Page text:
Buffett heir buys Rosa Parks archive

Her long-unseen archives bought by Warren Buffett heir’s foundation

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DETROIT — Hun­dreds of items that be­longed to civil rights icon Rosa Parks and have been sit­ting un­seen for years in a New York ware­house were sold to a foun­da­tion run by the son of bil­lion­aire in­vest­ment guru War­ren Buf­fett, the younger Mr. Buf­fett said Thurs­day.

Howard G. Buf­fett said in an in­ter­view that his foun­da­tion plans to give the items, which in­clude Ms. Parks’ Pres­i­den­tial Medal of Free­dom, to an in­sti­tute or mu­seum that he hasn’t yet se­lected. Mr. Buf­fett said the items be­long to the Amer­i­can peo­ple. “I’m only try­ing to do one thing: pre­serve what’s there for the pub­lic’s ben­e­fit,” he said. “I thought about do­ing what Rosa Parks would want. I doubt that she would want to have her stuff sit­ting in a box with peo­ple fight­ing over them.”

A yearslong le­gal fight be­tween Ms. Parks’ heirs and her friends led to the mem­o­ra­bilia be­ing re­moved from her Detroit home and of­fered up to the high­est bid­der.

Ms. Parks, who died in 2005 at age 92, was one of the most be­loved women in U.S. his­tory. She be­came an en­dur­ing sym­bol of the civil rights move­ment when she re­fused to cede her seat on a Mont­gom­ery, Ala., bus to a white man. That trig­gered a year­long bus boy­cott that helped to dis­man­tle of­fi­cially sanc­tioned seg­re­ga­tion and helped lift the Rev. Mar­tin Luther King Jr. to na­tional prom­i­nence.

Be­cause of the fight over Ms. Parks’ will, his­to­ri­ans, stu­dents of the move­ment and the gen­eral pub­lic have had no ac­cess to items such as her pho­to­graphs with pres­i­dents, her Con­gres­sio­nal Gold Medal, a pill­box hat that she may have worn on the Mont­gom­ery bus, a signed post­card from Mr. King, de­cades of doc­u­ments from civil rights meet­ings and her ru­mi­na­tions about life in the South as a black woman.

The im­pe­tus for the sale came ear­lier this year, when Mr. Buf­fett saw a tele­vised news re­port about how Guern­sey’s Auc­tion­eers has kept Ms. Parks’ valu­ables in a New York ware­house since 2006. “I could not imag­ine hav­ing her ar­ti­facts sit­ting in a box in a ware­house some­where,” Mr. Buf­fett said. “It’s just not right.”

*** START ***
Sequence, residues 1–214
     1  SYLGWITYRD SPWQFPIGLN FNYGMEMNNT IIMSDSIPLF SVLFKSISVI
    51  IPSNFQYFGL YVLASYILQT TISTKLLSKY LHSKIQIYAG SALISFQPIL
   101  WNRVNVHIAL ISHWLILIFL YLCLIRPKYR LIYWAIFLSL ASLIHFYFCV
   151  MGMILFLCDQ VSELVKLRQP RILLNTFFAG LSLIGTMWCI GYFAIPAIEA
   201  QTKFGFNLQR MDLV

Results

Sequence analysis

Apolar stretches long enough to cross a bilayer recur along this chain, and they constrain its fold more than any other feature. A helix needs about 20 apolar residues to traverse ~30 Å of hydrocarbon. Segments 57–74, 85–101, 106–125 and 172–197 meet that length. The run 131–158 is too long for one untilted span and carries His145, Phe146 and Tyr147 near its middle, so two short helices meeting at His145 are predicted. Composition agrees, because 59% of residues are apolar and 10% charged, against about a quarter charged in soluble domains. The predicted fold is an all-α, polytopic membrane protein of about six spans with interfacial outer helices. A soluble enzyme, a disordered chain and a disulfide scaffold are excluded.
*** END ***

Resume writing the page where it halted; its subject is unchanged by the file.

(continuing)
So he di­rected the Howard G. Buf­fett Foun­da­tion to make an of­fer, which was ac­cepted. A pur­chase agree­ment was signed over the sum­mer, and the trans­ac­tion was of­fi­cially closed last week.

Mr. Buf­fett would not dis­close the amount he paid for the items, but Steven Co­hen, a law­yer for the seller, the Detroit-based Rosa & Ray­mond Parks In­sti­tute for Self Devel­op­ment, called it “quite gen­er­ous” and “con­sis­tent with [the items’] in­trin­sic and in­her­ent value.”

In ad­di­tion to med­als and let­ters, the lot in­cludes lamps and ar­ti­cles of cloth­ing. Guern­sey’s years ago put to­gether a com­plete in­ven­tory, which is 70 pages long and in­cludes more than 1,000 items. Many are in New York, but some re­main in Ms. Parks’ home city of Detroit.

Guern­sey’s Pres­i­dent Ar­lan Et­tinger, who had val­ued the col­lec­tion at $10 mil­lion, would not say what it was sold for, but said the judge over­see­ing the Parks es­tate was sat­is­fied with the deal. “This ma­terial, which needed to be out there to be both ed­u­ca­tional and in­spi­ra­tional to peo­ple to­day and their chil­dren’s chil­dren, was sit­ting in our ware­house. That was wrong,” Mr. Et­tinger said.

Mr. Buf­fett, a phi­lan­thro­pist who fo­cuses much of his giv­ing on help­ing fel­low farm­ers in de­vel­op­ing coun­tries, ac­knowl­edged that he prob­a­bly was not the most likely can­di­date to buy Ms. Parks’ mem­o­ra­bilia. “My wife said, ‘You don’t do that sort of stuff.’ I said, ‘I know, but it’s im­por­tant,’ ” he said.

michigan - Detroit - United States - North America - New York - Martin Luther King Jr. - Alabama - Warren Buffett - Steven Cohen - Montgomery - Rosa Parks


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